Ian McEwan”s newest novel The Children Act is certainly timely and may be a predictor of things to come in American life if we start to allow religion to creep closer to the laws of the land.
The novel revolves around a High Court judge in London named Fiona Maye. Her job is to decide the fates of children by basing it according to the law mixed with her own private judgement of what is best for the child. I wouldn’t call her Judge Judy, but you get the idea. The first problem Fiona faces at the start of the novel is that her marriage may be falling apart. Her husband decides that they’ve been married awhile and he wants to have sex again but since there is never time and they’ve been together forever that he now feels like he may want something more. This sets Fiona on her path of figuring out who she is and what she really stands for.
As this drama is unfolding in her life, case after case of children being mistreated are being brought before her until a very special case that sets the novel’s big question up of, “What would your God do?” Are judges gods or are they just people who use reason and law to decide what is right and wrong? Adam Henry is a seventeen year-old boy with a life threatening disease that requires him to have a blood transfusion. Sounds like an easy case. The problem is his parents are Jehovah’s Witnesses and won’t let their son have the transfusion because it goes against their beliefs. The parents and Adam know that if he doesn’t get the transfusion that he will die a very painful death. They are all okay with it because God must want it that way.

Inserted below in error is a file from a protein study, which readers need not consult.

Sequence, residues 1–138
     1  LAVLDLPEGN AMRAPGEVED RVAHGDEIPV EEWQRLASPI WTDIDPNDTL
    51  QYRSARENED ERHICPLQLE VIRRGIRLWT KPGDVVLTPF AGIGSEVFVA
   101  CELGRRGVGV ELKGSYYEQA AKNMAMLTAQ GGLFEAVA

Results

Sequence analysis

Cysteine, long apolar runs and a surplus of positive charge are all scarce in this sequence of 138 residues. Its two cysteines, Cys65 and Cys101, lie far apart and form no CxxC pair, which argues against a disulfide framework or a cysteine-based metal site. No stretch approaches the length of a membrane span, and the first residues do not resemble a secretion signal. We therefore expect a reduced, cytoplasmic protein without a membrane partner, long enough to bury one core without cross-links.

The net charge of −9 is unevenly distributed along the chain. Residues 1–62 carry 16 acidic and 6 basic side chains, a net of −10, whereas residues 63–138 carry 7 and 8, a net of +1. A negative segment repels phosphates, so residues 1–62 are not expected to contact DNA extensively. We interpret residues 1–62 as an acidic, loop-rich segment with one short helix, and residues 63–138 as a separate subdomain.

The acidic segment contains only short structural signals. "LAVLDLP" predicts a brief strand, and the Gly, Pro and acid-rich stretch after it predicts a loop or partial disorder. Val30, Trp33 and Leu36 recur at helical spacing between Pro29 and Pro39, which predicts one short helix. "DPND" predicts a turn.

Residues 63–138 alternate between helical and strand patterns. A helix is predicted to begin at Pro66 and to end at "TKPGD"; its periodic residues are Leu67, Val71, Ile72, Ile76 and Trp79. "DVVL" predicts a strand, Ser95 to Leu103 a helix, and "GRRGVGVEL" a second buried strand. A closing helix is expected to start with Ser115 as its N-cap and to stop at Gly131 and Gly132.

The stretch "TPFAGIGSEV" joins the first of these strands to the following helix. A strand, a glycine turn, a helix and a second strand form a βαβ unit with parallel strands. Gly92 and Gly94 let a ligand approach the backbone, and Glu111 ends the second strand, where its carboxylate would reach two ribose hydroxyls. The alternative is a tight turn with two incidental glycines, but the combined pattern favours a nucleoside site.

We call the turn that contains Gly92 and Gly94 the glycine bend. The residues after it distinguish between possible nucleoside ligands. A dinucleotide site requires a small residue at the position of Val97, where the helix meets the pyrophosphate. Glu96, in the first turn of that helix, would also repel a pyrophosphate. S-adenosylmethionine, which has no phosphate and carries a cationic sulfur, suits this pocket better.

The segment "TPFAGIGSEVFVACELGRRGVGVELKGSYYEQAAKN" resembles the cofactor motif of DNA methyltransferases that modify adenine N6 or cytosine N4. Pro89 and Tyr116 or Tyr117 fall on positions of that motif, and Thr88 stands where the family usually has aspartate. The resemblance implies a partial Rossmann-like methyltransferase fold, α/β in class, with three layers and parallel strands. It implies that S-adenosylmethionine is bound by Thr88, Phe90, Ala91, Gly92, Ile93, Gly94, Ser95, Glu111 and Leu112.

To some of us this would sound crazy but in today’s world we are starting to see religion based reason telling people what they should and shouldn’t do. This case is brought before Fiona and she must decide if she must take over the welfare of Adam and make the hospital give him the transfusion. When she decides the case all parties act like it was the right decision. This is where the novel takes a turn which this reader did not see coming. Adam wants to thank Fiona but she can not accept what he has to offer which leads to an unexpected drama unfolding.
At the close of the novel we find Fiona looking back on things and her marriage to discover all that Adam has taught her about herself and how her decisions whether legal or personal, can have devastating or triumphant effects on the people who enter her life. The reader after finishing the novel will certainly be forced to look at their own life and wonder what they would do if they were suddenly asked to make a life or death decision about someone else’s life. We do it everyday in our life when choose our paths of what to do. Everything we do affects a child in some way. Let’s hope we are acting towards the best interests of the children of the world every single day.